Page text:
Wednesday, September 27, 2017

How To Be An Ally At Home



This week (September 25-29) K-12 students will celebrate Ally Week in schools across the United States.  Sponsored by GLSEN.org, (Gay, Lesbian, Straight Education Network) students will have activities that will display their support for their LGBT friends.

An LGBT child’s home should be his haven.  How does a straight parent make it so all the time?

Here are some tips:

Provide unconditional love for your LBTQ children.  Accept them as they are.  Don’t think they will outgrow “this phase.”  In most cases, it’s not a “phase.”  Don’t try to convert them to heterosexuality.  It will only result in low self-esteem, guilt, and the gay-to-straight camps are not successful at converting to heterosexuality in the long run anyway.
If you can’t accept, work on it!  Attend PFLAG meetings that are run by parents, who once like you, needed guidance to overcome obstacles that prevented them from acceptance.  Confide in a trusted, positive friend who won’t belittle you for your concern about your child.
Educate yourself.  There are many on-line organizations that can help you. One is Family Acceptance Project @San Francisco State familyacceptanceproject has PDFs you can download for help with common issues that hinder acceptance.
Are you flattered that your son/daughter paid you the highest compliment by revealing their sexual orientation?  It took courage.
Look at this opportunity to have honest, open dialogues that you can build on in the near future.
Realize that your child’s sexual identity does not change his personality.


According to Jonathan L. Tobkes, M.D., co-author of When Your Child Is Gay: What You Need To Know (Sterling, 2016), “acceptance involves acknowledging the reality of a particular situation and recognizing that it is not in your power to change it.  The only way to alleviate internal angst and achieve a sense of equanimity is through acceptance. “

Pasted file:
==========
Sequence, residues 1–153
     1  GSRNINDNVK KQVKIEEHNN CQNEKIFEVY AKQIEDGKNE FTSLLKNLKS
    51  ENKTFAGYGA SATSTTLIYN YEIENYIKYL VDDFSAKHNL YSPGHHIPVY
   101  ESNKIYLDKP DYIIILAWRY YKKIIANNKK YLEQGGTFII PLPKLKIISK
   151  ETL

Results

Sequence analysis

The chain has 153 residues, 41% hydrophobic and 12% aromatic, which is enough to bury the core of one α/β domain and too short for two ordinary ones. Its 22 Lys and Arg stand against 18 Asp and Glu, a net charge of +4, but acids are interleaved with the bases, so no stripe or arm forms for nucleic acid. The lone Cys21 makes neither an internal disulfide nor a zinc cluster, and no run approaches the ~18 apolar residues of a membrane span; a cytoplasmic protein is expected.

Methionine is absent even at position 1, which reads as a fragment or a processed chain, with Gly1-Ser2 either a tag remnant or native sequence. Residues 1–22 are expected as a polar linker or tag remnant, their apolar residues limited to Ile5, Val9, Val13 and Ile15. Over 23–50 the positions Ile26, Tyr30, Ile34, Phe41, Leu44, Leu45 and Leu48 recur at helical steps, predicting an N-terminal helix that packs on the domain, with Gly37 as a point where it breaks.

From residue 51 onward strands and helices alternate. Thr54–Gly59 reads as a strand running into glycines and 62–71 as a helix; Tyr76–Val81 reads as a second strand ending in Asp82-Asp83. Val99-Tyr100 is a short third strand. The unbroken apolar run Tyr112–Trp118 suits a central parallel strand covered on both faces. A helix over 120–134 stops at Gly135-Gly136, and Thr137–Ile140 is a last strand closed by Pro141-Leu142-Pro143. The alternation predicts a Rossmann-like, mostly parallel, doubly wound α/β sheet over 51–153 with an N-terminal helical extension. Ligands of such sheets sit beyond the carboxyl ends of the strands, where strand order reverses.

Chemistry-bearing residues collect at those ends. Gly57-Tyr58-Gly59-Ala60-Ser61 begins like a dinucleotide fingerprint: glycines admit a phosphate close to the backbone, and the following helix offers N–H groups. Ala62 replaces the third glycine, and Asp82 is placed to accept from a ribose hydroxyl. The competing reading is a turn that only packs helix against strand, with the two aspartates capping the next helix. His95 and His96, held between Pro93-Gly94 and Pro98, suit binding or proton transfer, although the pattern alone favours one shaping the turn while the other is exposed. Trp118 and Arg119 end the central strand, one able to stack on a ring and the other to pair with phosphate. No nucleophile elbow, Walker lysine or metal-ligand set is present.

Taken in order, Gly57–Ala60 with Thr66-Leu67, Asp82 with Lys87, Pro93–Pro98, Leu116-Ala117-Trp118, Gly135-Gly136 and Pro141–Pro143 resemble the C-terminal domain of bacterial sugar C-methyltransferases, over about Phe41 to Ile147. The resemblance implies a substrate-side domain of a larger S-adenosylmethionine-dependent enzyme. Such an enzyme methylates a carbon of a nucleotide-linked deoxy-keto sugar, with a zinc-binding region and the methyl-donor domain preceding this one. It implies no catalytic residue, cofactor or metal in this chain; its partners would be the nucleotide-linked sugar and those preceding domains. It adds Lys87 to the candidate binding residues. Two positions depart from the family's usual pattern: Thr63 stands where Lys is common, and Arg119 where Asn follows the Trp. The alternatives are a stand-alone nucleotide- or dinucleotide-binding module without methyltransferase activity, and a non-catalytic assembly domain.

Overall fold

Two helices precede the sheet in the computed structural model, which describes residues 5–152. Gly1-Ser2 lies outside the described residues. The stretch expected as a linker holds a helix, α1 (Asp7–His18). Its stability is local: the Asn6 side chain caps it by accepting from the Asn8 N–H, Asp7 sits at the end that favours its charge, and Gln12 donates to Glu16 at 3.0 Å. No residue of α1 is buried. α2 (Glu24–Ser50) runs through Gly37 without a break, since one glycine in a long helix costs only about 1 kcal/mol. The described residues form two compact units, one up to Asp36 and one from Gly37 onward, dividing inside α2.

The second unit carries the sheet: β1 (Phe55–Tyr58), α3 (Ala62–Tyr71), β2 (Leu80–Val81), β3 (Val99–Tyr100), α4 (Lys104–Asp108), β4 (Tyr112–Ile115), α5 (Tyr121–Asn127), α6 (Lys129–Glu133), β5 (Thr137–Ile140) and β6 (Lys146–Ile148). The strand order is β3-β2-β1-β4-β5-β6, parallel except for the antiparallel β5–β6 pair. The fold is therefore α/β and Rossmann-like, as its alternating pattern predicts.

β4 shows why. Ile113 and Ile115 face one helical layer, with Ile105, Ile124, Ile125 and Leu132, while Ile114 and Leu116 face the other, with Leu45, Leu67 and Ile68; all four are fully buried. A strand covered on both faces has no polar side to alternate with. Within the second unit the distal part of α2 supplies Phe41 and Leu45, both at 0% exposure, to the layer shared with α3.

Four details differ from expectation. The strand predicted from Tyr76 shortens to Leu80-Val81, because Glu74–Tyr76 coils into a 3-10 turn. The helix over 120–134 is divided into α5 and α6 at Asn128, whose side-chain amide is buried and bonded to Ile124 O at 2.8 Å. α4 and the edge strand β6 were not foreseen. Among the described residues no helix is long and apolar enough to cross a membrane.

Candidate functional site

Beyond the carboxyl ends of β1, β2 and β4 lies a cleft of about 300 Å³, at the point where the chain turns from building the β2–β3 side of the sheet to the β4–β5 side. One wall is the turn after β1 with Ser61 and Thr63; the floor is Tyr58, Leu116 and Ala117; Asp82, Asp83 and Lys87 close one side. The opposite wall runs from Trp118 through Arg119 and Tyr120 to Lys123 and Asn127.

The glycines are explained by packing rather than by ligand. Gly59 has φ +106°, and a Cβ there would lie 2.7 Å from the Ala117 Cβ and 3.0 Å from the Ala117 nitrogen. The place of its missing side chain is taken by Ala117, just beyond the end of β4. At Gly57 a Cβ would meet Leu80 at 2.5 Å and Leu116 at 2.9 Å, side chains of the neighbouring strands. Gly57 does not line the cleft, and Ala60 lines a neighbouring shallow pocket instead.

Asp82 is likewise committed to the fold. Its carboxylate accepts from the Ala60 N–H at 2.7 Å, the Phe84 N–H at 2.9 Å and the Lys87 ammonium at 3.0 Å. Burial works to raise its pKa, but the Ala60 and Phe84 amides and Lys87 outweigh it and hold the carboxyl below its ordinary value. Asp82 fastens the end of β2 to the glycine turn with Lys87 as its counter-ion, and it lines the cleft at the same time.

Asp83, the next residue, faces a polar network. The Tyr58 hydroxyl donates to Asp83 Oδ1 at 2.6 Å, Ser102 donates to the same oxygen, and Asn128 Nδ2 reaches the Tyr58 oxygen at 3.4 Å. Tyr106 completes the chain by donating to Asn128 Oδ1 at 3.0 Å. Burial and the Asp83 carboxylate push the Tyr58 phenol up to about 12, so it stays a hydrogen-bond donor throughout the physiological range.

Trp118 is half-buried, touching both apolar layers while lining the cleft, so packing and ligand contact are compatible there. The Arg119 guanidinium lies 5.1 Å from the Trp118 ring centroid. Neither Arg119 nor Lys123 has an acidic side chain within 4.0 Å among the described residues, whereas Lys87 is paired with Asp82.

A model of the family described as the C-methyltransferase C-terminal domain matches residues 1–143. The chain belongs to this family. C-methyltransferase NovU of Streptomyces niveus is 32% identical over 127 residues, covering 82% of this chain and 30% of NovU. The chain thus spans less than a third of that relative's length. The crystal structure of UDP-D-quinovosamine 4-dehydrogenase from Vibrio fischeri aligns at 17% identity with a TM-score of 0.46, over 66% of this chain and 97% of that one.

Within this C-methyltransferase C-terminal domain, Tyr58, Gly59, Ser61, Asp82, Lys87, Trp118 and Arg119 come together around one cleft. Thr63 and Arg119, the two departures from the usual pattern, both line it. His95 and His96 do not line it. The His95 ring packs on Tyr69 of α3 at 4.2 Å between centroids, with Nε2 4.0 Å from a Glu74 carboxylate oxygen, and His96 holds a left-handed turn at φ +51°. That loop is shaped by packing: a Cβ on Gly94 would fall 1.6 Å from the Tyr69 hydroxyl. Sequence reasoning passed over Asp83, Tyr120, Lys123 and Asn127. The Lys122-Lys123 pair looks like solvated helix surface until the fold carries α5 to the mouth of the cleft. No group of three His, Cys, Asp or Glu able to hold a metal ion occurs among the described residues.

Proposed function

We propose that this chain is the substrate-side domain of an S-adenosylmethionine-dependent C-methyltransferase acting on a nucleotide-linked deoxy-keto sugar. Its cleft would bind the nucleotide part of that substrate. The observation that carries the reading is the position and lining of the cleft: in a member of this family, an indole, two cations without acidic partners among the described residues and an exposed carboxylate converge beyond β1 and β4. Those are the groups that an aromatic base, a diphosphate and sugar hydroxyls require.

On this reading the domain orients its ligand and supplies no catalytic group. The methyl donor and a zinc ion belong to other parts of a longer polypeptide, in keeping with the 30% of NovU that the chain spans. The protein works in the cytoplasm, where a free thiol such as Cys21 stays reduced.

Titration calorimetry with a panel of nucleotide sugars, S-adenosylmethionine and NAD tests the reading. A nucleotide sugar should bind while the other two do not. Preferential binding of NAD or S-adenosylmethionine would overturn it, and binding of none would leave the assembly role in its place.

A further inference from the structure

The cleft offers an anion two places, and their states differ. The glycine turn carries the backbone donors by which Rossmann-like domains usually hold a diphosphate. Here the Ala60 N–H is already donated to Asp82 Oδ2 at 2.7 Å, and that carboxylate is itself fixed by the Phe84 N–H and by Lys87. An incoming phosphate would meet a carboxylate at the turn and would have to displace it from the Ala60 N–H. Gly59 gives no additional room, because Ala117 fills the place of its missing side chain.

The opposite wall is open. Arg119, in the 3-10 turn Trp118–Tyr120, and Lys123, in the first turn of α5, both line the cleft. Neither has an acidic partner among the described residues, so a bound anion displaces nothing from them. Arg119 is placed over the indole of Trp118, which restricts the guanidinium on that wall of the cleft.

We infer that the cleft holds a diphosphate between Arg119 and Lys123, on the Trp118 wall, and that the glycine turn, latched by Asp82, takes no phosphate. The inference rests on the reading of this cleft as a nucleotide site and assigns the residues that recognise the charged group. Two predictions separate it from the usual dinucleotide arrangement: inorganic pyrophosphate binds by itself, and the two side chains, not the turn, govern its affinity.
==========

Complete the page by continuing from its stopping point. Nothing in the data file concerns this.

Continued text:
To demonstrate that you have your child’s back, consider these suggestions:

You do not feel a qualitative difference between your straight child and your gay child.
You don’t have to march to be a gay rights activist, but should speak up with you see injustices such as school bullying.
Don’t avoid the topic of dating and relationships with your LGBTQ child.  Invite his significant other to dinner just as you would your straight child, for example. You can talk to other family members and friends about your child being gay, but
Find out how your child wants to handle letting relative and close family friends know.
Is your child happy?  What could be more important to a parent?
Realize the benefits of having a gay child.  Does it make you more sympathetic to those who are “different?”

Look At the Positive Now!


Are you flattered that your son/daughter paid you the highest compliment by revealing their sexual orientation?  It took courage.
Look at this opportunity to have honest, open dialogues that you can build on in the near future.
Realize that your child’s sexual identity does not change his personality.
Is your child happy?  What could be more important to a parent?
Realize the benefits of having a gay child.  Does it make you more sympathetic to those who are “different?”